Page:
I have heard some manufacturers quite literally say that they would prefer to use a "less poisonous" solvent in their process (for example). But if they did, its slightly higher cost would destroy their competitive advantage, and bankrupt them.

Really. There are plant-owners in industries that would much rather use a less toxic process solvent, but are prevented by free-market forces from doing so without losing any competitive advantage. They really do exist, but can do nothing unless the regulators or tax-men impose the same requirement on everyone in a market sector simultaneously and equally.

The EPA's SuperFund is a good example of this force for environmental clean-up in action.

Comment Re:And the hits keep on coming ... (Score 1) 1066

Do you realize what the difference in magnitude between 100,000 and 100 is?

It's about the same as the difference between a walking pace and a hypersonic aircraft.

An off-topic analogy, yes, but never mind that. It is physically accurate.

I will use this in the future when trying to convey "powers of ten", or logarithms, to lay-people.


Comment Re:And the hits keep on coming ... (Score 1) 1066

But let's drop the pretence that this about the science.


The scientific debate is between these two boundaries:
    * Are we completely fucked already?
    * If we all cut emissions now, can we perhaps avert being completely fucked already...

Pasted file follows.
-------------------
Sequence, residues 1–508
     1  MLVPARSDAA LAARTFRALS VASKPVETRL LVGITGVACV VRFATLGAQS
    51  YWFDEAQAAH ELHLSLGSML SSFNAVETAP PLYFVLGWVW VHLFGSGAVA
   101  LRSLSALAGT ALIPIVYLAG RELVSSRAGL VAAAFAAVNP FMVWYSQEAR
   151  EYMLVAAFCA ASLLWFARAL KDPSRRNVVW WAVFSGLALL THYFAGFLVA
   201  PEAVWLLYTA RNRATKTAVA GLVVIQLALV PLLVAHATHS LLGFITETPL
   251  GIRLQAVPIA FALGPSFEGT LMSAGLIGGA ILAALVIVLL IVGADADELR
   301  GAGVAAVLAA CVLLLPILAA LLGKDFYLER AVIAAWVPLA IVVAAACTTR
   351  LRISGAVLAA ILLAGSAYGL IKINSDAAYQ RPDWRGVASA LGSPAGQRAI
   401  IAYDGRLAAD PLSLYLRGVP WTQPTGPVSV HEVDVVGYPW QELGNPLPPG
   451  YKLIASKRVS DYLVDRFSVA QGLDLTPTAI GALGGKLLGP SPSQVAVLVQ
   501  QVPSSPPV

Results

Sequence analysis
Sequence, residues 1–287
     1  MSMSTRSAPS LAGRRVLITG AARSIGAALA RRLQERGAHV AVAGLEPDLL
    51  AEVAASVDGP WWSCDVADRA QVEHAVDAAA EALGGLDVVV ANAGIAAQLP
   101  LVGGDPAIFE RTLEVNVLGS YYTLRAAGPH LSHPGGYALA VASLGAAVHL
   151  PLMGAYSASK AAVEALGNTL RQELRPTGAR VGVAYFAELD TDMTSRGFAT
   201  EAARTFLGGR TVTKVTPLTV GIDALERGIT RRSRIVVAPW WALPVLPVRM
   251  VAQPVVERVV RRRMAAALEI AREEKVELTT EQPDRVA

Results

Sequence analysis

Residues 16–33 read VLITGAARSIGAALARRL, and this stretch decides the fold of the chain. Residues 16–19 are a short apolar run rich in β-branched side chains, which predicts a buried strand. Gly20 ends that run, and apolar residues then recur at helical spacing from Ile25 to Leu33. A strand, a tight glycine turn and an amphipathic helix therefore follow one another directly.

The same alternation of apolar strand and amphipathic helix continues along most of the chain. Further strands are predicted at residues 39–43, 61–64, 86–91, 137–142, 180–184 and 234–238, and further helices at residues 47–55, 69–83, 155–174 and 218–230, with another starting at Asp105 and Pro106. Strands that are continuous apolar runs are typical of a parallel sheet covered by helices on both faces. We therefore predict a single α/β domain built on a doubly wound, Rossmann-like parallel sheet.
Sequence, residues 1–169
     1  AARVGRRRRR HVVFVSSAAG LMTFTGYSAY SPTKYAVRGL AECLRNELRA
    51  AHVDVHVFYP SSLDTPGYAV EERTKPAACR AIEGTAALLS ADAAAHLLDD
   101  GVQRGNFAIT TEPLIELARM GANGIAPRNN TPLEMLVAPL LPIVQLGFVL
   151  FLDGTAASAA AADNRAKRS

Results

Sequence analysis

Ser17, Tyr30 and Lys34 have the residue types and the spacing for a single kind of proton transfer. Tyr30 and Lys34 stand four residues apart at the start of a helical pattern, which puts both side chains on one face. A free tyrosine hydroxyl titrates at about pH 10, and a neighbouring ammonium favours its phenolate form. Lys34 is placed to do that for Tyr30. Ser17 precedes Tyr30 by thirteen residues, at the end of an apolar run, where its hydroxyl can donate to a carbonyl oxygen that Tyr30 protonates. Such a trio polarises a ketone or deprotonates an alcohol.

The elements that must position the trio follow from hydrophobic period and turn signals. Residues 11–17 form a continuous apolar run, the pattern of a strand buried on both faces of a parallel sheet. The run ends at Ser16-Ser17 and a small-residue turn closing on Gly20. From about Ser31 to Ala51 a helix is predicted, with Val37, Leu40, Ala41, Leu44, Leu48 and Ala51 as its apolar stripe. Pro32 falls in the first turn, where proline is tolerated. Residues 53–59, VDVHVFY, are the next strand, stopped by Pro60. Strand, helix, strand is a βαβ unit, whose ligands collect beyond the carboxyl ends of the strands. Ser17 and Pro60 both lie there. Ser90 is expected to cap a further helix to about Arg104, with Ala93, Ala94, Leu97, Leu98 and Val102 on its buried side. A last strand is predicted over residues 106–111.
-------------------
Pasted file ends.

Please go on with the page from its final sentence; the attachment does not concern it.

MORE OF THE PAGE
to a maybe? Please?

Comment Re:And the hits keep on coming ... (Score 0) 1066

Precisely. To sum it up for the lazy, below is a copy/paste of my Comment from about two weeks ago (in response to the same XKCD comic):

(1) Global warming is a fact. Go measure the temperature every day for 13,000 years.
(2) Plot your data.
(3) Report back after you have completed your assignment.

Comment Re:And the hits keep on coming ... (Score 1) 1066

Well the white baby boomers have now solved the problem of leaving a shitty planet to the next generation ... they are going to help end it electing trump and his clown show. They don't give a crap they won't be around in 10-15 years anyway. They just want to go out on top, even if noone is left to see it.

Baby Boomers. Also (formerly) called "The Greatest Generation."

Thanks, US geezers.

Comment Re:Eliminate the time delay? (Score 1) 46

"The X-ray pulsar captures X-ray signals emitted from pulsars. By mapping those signals, they can be used to determine spacecraft location in deep space, which will eliminate the hours-long delays incurred in using ground-based navigation like the Deep Space Network and European Space Tracking network." (my emphasis)

Replying here because it's highest-Modded.

This is a brilliant way to coordinate deep-space travel. Pulsars have not only a known position, but also a know frequency of pulsing.

Man, do I wish I had thought of this! It's nominally just like GPS, only using the periodicity of a known pulsar, rather than a human-launched GPS satellite. Genius!

Slashdot Top Deals

1000 pains = 1 Megahertz